Now. I don’t profess to be either a darts fan or expert (I do know that both Phil “The Power” Taylor and Raymond “Barney” van Barneveld are a bit good at darts – by which I mean I’ve heard of them – so maybe I shouldn’t take the piss), but I think I know what Steve’s problem is.
You’ll have noticed that all of the above have Darts Player Nicknames. Steve Hine has one too. His is Steve “The Muffin Man” Hine, and he is well known for bringing muffins and tossing them to the crowd during his walk-on.
I imagine that doesn’t exactly strike fear into the hearts of his opponents.
Black Rebel Motorcycle Club were originally called The Elements, until they realised that a) that’s not a very good name for a band, and, more pertinently, b) there already was a band called The Elements, so they changed it, naming themselves after Marlon Brando’s motorcycle gang in the 1953 movie “The Wild One” which, needless to say, is a waaay cooler name.
Although, had they kept their original science-y nerdo name, it would have made it a lot easier for me to link it to the next record:
According to Wikipedia, Placebo are a “British alternative rock band”. I always thought they were American, but it turns our that they formed after lead singer Brian Molko met bassist/guitarist Stefan Olsdal by chance outside South Kensington tube station.
Molko, however, was born in Brussels to a Scottish Catholic mother and an American father of French-Italian descent, and lived at various points in his youth in Dundee (which, admittedly, he refers to as “where I grew up”), Liberia, Lebanon and Belgium. He attended The European School of Luxembourg and the International School of Luxembourg. You don’t get much more British than that, right?
I suspect the band were worried about losing some of their more UKIP-y fans if they announced their true roots.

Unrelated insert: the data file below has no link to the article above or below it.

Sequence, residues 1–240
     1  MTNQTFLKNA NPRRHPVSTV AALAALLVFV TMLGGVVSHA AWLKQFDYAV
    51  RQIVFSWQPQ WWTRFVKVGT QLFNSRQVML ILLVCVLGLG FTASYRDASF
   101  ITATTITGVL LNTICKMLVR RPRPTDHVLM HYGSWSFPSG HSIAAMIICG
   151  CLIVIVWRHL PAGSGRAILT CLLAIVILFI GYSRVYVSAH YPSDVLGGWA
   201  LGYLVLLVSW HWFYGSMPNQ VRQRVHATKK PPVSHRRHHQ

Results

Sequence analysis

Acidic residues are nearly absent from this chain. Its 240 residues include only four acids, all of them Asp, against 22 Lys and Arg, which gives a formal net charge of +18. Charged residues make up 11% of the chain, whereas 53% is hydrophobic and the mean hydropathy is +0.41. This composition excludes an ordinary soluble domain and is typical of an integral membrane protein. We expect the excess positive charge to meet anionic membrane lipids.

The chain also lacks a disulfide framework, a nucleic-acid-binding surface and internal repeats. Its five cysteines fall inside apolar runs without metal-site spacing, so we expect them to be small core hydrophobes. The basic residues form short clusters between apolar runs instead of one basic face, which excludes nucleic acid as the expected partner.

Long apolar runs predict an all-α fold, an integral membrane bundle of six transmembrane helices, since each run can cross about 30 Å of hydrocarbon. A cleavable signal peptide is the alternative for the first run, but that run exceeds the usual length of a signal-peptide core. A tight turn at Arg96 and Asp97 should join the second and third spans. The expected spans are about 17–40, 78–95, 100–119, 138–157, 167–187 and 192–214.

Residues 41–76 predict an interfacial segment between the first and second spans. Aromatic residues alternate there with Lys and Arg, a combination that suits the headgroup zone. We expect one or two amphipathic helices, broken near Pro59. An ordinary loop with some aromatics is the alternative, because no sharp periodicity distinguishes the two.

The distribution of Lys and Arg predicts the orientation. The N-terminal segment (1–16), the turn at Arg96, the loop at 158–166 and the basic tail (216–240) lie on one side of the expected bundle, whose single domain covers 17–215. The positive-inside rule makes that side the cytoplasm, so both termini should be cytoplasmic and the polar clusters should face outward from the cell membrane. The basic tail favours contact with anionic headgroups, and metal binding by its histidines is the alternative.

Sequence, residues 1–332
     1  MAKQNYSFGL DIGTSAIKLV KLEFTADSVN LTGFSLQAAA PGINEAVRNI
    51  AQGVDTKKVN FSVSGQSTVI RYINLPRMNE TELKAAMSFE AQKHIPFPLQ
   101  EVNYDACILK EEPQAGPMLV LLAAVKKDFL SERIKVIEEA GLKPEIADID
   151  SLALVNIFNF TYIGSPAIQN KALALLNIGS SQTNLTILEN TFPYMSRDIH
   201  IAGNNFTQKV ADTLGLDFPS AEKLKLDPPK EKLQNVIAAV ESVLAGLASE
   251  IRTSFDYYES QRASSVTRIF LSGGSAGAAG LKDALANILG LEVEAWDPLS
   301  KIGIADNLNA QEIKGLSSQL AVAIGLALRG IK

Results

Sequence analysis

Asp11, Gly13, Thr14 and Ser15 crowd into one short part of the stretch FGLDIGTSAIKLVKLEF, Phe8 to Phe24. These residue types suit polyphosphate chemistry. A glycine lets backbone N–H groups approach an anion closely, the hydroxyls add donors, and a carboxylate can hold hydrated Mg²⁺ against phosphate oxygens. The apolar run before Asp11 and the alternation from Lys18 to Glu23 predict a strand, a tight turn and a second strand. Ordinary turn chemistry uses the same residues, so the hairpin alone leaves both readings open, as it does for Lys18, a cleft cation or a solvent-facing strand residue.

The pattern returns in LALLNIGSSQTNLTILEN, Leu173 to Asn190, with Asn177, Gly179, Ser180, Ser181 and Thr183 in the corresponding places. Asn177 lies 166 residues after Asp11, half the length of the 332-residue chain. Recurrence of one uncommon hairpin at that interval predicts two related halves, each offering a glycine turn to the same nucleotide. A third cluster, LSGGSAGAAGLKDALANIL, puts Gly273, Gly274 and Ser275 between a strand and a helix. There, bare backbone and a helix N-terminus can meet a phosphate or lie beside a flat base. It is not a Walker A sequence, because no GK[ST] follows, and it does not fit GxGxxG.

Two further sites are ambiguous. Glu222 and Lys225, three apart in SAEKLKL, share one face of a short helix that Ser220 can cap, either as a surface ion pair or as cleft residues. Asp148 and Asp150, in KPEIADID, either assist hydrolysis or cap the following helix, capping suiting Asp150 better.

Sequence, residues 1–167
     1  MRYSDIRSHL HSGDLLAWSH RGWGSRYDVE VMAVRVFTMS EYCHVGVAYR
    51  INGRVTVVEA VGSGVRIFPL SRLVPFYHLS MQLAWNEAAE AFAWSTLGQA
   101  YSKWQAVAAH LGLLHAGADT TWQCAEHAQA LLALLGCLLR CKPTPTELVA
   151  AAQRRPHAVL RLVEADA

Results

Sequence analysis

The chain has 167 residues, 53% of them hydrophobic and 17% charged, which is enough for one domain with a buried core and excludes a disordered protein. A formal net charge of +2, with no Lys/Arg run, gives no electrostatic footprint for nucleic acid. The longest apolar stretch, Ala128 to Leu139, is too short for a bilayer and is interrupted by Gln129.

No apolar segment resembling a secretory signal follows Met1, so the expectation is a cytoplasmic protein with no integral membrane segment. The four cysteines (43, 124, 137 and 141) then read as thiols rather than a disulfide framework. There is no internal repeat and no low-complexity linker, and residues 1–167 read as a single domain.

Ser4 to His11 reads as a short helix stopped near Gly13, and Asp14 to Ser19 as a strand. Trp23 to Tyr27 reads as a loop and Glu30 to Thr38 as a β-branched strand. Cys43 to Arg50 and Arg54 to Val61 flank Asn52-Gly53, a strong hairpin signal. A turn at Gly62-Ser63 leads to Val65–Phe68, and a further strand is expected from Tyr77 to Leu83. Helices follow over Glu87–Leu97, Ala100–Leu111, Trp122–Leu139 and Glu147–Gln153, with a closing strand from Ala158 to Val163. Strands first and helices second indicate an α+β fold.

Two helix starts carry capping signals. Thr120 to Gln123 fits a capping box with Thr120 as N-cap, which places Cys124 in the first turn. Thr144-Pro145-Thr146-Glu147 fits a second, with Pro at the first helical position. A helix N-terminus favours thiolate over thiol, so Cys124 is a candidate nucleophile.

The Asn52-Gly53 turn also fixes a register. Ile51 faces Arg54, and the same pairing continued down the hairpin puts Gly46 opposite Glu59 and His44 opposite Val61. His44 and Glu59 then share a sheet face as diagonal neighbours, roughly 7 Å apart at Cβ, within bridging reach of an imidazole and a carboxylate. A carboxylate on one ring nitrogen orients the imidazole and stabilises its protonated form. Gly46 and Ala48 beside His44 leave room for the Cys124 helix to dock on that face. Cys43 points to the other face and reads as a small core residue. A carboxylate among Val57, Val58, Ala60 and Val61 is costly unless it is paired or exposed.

In the words of Stewart Lee: “If you’ve not seen me before, I don’t think that. I think the opposite of that.” (I’m not Morrissey, for fuck’s sake) He delivers it may better than me though:
Please do not watch that if you are easily offended. Or if you’re American (although the pay-off might pleasantly surprise you). Plenty of swears, and as you will gather from the title of it, it’s not exactly Light Entertainment.
Sacrilege time. I don’t really like Pearl Jam much. Friends of mine border on being obsessed by them, but I’ve always found Eddie Vedder’s voice a little grating, and have always thought the band were one of many far less talented groups who hung onto the plaid shirt-tails of Nirvana. I appreciate this is not a common opinion. Each to their own, eh?
That said, “Do The Evolution” has a groove about it that I’ve never noticed in any other records by them, and is well worth a listen if you don’t know it, or even if you do.
Another band who seemed to arrive on our shores at around the same time are the next lot, although they do have a lot more tunes that I love. This is from their 1991 debut album “Gish”, and I don’t think they’ve ever bettered it: